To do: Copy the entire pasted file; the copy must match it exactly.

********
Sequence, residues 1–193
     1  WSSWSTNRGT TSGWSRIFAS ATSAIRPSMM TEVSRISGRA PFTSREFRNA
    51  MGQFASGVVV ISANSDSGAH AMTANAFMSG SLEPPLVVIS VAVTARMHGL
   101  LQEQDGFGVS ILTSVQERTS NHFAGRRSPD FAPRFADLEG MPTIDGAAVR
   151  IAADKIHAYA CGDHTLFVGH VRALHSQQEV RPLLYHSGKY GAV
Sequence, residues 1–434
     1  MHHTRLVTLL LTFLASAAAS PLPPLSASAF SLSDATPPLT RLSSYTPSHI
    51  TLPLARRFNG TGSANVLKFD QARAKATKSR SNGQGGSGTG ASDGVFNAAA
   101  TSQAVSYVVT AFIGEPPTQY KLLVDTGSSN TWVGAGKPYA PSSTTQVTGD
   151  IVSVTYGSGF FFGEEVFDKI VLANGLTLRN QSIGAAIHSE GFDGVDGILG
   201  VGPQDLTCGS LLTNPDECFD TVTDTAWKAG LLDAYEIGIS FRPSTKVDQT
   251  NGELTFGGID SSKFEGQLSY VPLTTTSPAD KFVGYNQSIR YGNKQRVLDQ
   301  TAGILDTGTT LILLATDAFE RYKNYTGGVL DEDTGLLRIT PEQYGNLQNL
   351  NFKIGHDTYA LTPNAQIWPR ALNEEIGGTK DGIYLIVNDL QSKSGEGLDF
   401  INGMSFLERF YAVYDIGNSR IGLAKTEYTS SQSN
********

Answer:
Sequence, residues 1–193
     1  WSSWSTNRGT TSGWSRIFAS ATSAIRPSMM TEVSRISGRA PFTSREFRNA
    51  MGQFASGVVV ISANSDSGAH AMTANAFMSG SLEPPLVVIS VAVTARMHGL
   101  LQEQDGFGVS ILTSVQERTS NHFAGRRSPD FAPRFADLEG MPTIDGAAVR
   151  IAADKIHAYA CGDHTLFVGH VRALHSQQEV RPLLYHSGKY GAV
Sequence, residues 1–434
     1  MHHTRLVTLL LTFLASAAAS PLPPLSASAF SLSDATPPLT RLSSYTPSHI
    51  TLPLARRFNG TGSANVLKFD QARAKATKSR SNGQGGSGTG ASDGVFNAAA
   101  TSQAVSYVVT AFIGEPPTQY KLLVDTGSSN TWVGAGKPYA PSSTTQVTGD
   151  IVSVTYGSGF FFGEEVFDKI VLANGLTLRN QSIGAAIHSE GFDGVDGILG
   201  VGPQDLTCGS LLTNPDECFD TVTDTAWKAG LLDAYEIGIS FRPSTKVDQT
   251  NGELTFGGID SSKFEGQLSY VPLTTTSPAD KFVGYNQSIR YGNKQRVLDQ
   301  TAGILDTGTT LILLATDAFE RYKNYTGGVL DEDTGLLRIT PEQYGNLQNL
   351  NFKIGHDTYA LTPNAQIWPR ALNEEIGGTK DGIYLIVNDL QSKSGEGLDF
   401  INGMSFLERF YAVYDIGNSR IGLAKTEYTS SQSN